Dottie woke up wondering where she was and why she was so cold. The first thing she noticed was that she must be outside – she was lying on cold ground and snow was hitting her in unusual places. That’s when she noticed the second thing. Her skirt was pulled up past her waist and her panties were gone. Damn those bastards. It started to come back to her.
Dottie is now on an odyssey; a journey not of her choosing; a journey of healing, integration, and reconciliation that will involve her partner, her friends, her enemies, her church, her whole community. And her rapists. As she fights her way through social stereotypes about rape and rape victims, she also finds the strength to overcome society’s messages of who she should be and lays claim her true self. But the memories, the loss, the anger – and the fears – never go away. No woman chooses to be raped. I asked Dottie why she chose to tell me a story of rape. She said that millions of women, hundreds every day, have stories of rape that never get told. She told her story because she could. Because she had to. Because maybe people would hear in a work of fiction a Truth that they could not hear in any other way.
Read an excerpt:
“Look to your left. That person has divinity inside them. Look to your right. That person has a divine spark. Now tap the shoulder of the person in in front of you. When they turn around, say, ‘Namasté. I honor the divine spark within you.’
“As you prepare to celebrate Christmas, as we prepare to invite one another to the communion table, think on this: Mary was an unwed mother, but she was not unclean. Joseph was a lecherous old man, but he was not unclean. The shepherds lived in the fields with the sheep, but they were not unclean. The Magi were heathens from a pagan land and probably not circumcised, but they were not unclean. And Jesus was born among the donkey dung and slept on top of a cow’s supper, but He most assuredly was not unclean.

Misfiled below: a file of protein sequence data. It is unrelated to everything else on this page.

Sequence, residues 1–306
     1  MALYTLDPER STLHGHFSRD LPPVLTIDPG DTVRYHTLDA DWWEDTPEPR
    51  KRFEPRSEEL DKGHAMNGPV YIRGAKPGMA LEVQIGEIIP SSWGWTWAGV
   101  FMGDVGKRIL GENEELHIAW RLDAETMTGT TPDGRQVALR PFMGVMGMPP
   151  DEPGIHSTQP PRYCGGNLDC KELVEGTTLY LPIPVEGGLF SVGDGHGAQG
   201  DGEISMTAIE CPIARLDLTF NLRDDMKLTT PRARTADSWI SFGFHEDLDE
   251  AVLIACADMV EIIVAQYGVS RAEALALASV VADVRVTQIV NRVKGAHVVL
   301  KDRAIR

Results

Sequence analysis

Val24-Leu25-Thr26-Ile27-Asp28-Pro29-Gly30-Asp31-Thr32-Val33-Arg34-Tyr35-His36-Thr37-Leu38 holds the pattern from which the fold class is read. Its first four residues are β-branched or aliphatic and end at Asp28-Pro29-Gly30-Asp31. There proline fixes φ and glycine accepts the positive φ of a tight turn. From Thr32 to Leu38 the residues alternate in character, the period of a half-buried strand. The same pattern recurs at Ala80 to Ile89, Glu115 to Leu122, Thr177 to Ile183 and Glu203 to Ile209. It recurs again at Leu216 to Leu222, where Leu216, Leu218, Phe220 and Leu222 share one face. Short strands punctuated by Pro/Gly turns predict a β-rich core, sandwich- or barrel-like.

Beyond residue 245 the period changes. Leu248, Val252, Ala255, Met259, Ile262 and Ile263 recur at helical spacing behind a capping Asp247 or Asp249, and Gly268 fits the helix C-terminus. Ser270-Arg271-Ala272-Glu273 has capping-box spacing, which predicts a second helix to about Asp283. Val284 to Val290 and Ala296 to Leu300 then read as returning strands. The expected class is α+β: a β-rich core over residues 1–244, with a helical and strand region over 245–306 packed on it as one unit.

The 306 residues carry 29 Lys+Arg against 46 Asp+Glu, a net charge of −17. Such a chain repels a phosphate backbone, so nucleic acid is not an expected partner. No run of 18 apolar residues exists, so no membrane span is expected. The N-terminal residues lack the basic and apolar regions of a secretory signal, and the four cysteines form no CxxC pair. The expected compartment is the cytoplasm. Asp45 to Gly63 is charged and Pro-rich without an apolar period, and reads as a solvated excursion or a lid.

“Let it be so.”
As Pastor Allen spoke, Mandy sat with her arms folded across her chest and her legs pressed together. When others were looking left and right, she didn’t move, and when she was tapped on the shoulder, she didn’t turn around. She just pursed her lips into a tighter line.
But those who sat near her thought they saw the least glimmer of a tear in the corner of her eye. Whether it was for her church, or for the Pastor, or for herself, no one could guess. Even Mandy didn’t know. But part of her, a part she was afraid of, a part she was trying to ignore, thought that maybe, just maybe, it was for Dottie.
About E.S. RueteE.S “Ned” Ruete is an author, speaker, group facilitator, women’s rights activist, LGBTQIPA+ ally, lay preacher, guitar picker, and business analyst. He is the author of Seeking God: Finding God’s both/and in an either/or world and Lead Your Group to Success: A Meeting Leader’s Primer.
Now retired, Ned lives in Niantic, Connecticut with his second wife. He continues to offer pro bono group facilitation and facilitation training to schools, churches, community groups and not-for-profit organizations. He has led strategic planning retreats for United Action Connecticut (UACT), Fiddleheads Food Co-op, and ReNew London. He is actively involved in LGBTQIPA+ advocacy and annually attends and presents sessions at the True Colors Conference. He is a member of the International Association of Facilitators (IAF) formerly served on the Association Coordinating Team (ACT, the IAF Board of Directors). He was associate editor of Group Facilitation: A Research and Applications Journal and has contributed articles to Group Facilitation, The Facilitator, and other publications on group facilitation and management consulting.
Off Season is Mr. Ruete’s first fiction work
See his consulting products at MakingSpaceConsulting.com
and his books at MakingSpaceConsulting.com/Publish:
One randomly chosen winner via rafflecopter will win a $50 Amazon/BN.com gift card. Follow the tour for more chances to win!
a Rafflecopter giveaway